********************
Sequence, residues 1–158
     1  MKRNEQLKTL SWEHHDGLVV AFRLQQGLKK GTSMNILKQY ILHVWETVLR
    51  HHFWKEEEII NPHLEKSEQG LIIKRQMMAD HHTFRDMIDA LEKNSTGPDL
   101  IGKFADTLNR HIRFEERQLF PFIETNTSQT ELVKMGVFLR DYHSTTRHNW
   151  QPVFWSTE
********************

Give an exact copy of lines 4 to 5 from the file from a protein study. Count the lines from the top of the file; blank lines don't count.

   101  IGKFADTLNR HIRFEERQLF PFIETNTSQT ELVKMGVFLR DYHSTTRHNW
   151  QPVFWSTE